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Things that suck about long-term travel

A great post by Nomadic Matt over on Travel Blogs highlights 5 things that suck about long term travel.

Although the longest continuous travelling for me has been about 4 months (coming to Australia kind of morphed into emigrating, so I won't count that), I think he has some good points.

For me, I think the hardest thing is missing family and friends. Particularly if you hear of anything going wrong back home, this can become a really painful side of being away. This is somewhat offset by the fact that I usually end up meeting other friends or family that I haven't seen in ages while travelling, so it kind of works itself out.

Another thing is the sense that you always need to be doing something. Even on a 4 month journey, there's a part of you that feels like every day needs to count and be filled with excitement. Luckily most days are filled with excitement, merely due to the fact that you are in a different place. Some days you really just need to sit around and not do much at all. For me at least, that often feels like I'm missing out on seeing something. That does of course depend where I'm travelling at the time. Some beach destinations in particular are visited mainly to relax, so that's not much of a problem ;)

Any long-term travellers care to add their thoughts?

Posted by Peter 16:50 Tagged round_the_world

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You do need to sit around and do nothing while travelling. I consider it one of the most essential things to do on any trip longer than a couple of weeks.
I think the "missing out" feeling just is mindset; if you know ahead of time that you'll have such days, and add time for them in your itinerary, they should matter a whole lot less.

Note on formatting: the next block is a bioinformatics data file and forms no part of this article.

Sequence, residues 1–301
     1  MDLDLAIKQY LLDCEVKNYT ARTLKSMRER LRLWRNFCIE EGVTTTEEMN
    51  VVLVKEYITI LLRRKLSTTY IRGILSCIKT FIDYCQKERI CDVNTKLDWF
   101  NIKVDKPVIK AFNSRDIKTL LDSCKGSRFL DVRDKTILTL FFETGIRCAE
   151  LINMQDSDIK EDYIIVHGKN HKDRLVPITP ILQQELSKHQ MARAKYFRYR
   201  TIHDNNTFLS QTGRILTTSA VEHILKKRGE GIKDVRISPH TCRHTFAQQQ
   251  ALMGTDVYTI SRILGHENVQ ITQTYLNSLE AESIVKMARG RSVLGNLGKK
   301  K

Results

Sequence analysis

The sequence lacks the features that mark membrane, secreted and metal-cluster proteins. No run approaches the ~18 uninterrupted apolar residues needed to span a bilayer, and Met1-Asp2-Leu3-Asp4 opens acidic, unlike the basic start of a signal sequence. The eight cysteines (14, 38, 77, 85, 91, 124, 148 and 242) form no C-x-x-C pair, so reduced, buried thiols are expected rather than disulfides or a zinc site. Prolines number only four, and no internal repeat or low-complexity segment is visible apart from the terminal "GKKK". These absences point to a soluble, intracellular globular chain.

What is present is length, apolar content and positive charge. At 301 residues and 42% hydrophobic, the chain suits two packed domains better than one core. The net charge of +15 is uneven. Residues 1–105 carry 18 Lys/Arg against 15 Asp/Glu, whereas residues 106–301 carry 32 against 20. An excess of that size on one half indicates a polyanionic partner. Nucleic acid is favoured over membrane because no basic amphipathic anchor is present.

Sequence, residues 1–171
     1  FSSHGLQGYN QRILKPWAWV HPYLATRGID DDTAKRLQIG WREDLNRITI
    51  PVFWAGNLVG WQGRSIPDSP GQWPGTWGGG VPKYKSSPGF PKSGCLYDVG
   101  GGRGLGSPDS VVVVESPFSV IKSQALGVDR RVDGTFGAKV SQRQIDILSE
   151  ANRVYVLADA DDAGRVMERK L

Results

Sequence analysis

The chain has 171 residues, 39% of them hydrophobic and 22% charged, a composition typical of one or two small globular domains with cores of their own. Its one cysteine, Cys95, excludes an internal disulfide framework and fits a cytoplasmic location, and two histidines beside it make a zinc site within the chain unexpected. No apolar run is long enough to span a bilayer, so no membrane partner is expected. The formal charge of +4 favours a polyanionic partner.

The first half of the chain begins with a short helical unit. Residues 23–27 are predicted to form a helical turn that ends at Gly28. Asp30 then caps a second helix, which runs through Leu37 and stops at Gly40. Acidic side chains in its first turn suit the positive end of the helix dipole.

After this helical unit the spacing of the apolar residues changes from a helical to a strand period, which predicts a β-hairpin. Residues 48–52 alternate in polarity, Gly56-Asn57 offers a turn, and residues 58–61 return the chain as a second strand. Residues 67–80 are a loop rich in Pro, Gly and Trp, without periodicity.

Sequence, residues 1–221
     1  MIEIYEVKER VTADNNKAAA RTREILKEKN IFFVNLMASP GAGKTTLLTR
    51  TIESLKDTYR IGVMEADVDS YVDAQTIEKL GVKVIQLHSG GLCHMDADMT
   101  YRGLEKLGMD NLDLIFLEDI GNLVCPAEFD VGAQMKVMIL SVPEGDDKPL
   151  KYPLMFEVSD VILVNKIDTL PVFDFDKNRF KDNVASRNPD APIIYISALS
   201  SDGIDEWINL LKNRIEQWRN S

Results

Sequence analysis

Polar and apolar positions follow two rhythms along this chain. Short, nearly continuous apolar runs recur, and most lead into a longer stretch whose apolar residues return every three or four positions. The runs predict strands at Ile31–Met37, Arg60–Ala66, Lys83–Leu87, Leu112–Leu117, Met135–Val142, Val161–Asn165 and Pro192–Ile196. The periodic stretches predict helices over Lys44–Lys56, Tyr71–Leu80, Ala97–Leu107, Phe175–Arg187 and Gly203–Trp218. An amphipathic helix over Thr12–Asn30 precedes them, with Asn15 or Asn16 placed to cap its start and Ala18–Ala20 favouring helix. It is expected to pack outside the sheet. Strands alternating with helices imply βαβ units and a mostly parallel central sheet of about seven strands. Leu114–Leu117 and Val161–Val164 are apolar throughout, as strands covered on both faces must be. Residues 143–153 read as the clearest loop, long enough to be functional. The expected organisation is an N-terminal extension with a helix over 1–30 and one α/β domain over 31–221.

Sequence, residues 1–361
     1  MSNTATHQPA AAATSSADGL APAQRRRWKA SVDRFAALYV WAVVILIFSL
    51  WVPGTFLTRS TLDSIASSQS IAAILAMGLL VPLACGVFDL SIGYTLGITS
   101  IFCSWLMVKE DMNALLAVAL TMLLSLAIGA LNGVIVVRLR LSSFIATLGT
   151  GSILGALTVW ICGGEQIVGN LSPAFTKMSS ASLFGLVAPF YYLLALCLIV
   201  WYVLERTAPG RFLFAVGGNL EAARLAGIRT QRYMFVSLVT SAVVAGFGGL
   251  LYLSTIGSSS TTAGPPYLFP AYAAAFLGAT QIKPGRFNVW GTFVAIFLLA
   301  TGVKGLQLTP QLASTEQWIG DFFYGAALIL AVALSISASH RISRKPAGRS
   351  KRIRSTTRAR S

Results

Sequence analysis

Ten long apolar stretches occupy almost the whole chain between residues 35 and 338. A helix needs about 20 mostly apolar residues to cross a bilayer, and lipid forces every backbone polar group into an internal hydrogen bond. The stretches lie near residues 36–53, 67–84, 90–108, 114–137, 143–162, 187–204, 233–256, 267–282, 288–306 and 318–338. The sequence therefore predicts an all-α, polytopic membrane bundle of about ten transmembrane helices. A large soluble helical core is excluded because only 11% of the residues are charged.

Strangely enough, when looking back on the two long trips I've taken (25 and 3.5 months), it's often the quiet moments of reflection that I remember best and most fondly. Sitting in a lounge with a cup of tea and a book. Being 'trapped' inside during two days of endless rain on Magnetic Island, watching it all stream by.
Downtime like that gives my mind the time to catch up to endless strings of experiences and make sense of it all, integrating them into my being. It's often during those times that I realize that I really prefer to do something over something else and can adjust the course of my travels or my life. And somewhere, having those experiences and making those decisions is a much more important reason for travelling for me than "seeing" anything.

by Sander

Yeah, you're right there Sander - it's about mindset. I think it's important to allow that kind of extra time in a destination. Not trying to cram too many destinations into a short time helps a lot. Another great way to get some downtime is by including nice long train trips - plenty of boring reading, looking-out-the-window time on those ;)

by Peter

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